Follow us on Twitter for live coverage of the reopening events
Become a fan on Facebook and tell us how we're doing
Watch our YouTube channel for sneek peeks of new exhibitions and more
Wednesday, November 19, 2008
Cyber-bullying, chat room predators and the lure of engaging in online plagiarism are all potential hazards facing young people today. A new educational DVD to help kids cope with these issues is being shown at schools and youth organizations across the country, and parents can check it out for free this weekend.
Tuesday, November 18, 2008
Monday, November 17, 2008
The state's worsening budget crisis is forcing the California State University system to consider turning away some eligible students from all 23 campuses for the first time in its history.
Sunday, November 16, 2008
Saturday, November 15, 2008
Friday, November 14, 2008
Only 1 percent of the genome is made up of classic genes. Scientists are exploring the other 99 percent and uncovering new secrets and new questions.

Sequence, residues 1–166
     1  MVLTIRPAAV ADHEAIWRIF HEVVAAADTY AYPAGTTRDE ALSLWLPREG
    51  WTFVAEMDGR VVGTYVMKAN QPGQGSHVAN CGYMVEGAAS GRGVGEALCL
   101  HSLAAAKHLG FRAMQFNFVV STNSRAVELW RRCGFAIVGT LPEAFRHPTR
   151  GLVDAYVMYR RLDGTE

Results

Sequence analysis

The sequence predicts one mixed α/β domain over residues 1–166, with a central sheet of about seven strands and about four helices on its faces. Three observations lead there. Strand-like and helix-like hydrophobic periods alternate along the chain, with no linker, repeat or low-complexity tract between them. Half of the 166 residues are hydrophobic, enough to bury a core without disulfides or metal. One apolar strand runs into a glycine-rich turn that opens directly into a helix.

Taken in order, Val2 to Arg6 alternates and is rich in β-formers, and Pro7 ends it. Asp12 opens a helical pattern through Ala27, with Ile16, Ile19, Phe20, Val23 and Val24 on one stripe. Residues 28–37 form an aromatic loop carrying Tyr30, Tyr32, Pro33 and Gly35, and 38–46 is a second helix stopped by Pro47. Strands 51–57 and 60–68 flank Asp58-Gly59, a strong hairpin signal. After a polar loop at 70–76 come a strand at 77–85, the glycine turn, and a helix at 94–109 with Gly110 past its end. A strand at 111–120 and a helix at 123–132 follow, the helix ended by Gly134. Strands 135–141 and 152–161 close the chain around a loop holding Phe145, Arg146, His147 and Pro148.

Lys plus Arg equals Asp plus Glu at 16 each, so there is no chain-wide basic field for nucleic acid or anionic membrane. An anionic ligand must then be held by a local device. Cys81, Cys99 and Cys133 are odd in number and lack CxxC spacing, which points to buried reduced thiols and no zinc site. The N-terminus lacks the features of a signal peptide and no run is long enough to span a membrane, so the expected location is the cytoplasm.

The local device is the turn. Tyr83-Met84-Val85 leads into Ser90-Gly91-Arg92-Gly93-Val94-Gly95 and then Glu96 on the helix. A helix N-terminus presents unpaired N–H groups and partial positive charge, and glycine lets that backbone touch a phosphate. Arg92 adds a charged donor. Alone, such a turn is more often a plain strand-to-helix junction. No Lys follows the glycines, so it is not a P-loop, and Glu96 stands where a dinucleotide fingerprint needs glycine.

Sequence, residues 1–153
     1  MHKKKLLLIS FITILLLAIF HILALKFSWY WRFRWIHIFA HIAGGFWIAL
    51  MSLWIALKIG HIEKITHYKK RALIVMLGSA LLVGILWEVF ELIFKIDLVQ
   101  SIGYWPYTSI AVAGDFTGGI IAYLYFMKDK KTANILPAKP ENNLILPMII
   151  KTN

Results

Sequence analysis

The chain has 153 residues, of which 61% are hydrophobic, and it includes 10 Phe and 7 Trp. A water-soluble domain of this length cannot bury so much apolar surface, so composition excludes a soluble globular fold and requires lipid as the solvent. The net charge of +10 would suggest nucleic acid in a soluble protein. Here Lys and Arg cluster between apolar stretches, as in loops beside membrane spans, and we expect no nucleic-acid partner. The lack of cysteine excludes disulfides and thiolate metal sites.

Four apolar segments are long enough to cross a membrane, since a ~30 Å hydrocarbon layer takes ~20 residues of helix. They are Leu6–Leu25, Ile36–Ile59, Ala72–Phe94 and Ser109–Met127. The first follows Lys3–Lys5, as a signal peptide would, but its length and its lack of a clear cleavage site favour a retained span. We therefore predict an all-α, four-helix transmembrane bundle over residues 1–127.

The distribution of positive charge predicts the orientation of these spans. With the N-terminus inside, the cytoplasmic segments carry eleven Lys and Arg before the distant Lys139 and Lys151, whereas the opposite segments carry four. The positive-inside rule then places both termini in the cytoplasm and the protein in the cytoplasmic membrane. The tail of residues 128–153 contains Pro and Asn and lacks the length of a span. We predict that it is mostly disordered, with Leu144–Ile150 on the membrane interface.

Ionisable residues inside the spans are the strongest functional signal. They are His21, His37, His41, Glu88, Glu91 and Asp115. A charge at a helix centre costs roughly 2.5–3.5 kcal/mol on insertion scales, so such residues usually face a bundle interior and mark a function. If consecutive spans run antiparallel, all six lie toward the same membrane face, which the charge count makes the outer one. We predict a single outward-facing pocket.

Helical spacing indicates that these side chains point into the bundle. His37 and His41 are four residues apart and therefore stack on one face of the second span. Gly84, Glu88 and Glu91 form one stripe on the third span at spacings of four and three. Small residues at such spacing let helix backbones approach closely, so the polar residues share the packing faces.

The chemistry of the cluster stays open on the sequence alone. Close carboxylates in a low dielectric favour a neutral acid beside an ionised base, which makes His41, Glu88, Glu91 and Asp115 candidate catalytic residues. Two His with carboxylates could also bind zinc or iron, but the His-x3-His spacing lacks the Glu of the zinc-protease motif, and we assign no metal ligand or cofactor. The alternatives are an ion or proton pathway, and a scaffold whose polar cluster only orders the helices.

- Genetics Glossary (November 11, 2008)
- A Bestiary of RNA Graphic
- Mapping the Epigenome Graphic
- The Promise and Power of RNA (November 11, 2008)
- In a Novel Theory of Mental Disorders, Parents’ Genes Are in Competition (November 11, 2008)
- Basics: Scientists and Philosophers Find That ‘Gene’ Has a Multitude of Meanings (November 11, 2008)
- Thoughts on Genes (November 11, 2008)
Thursday, November 13, 2008
Wednesday, November 12, 2008
Free bikes or bike-sharing programs have cropped up on campuses nationwide, aimed at reducing traffic and parking shortages on campus and improving community building.
Tuesday, November 11, 2008
Monday, November 10, 2008
Sunday, November 9, 2008
Universities are freezing hiring and postponing construction projects as endowments shrink and states cut their financing.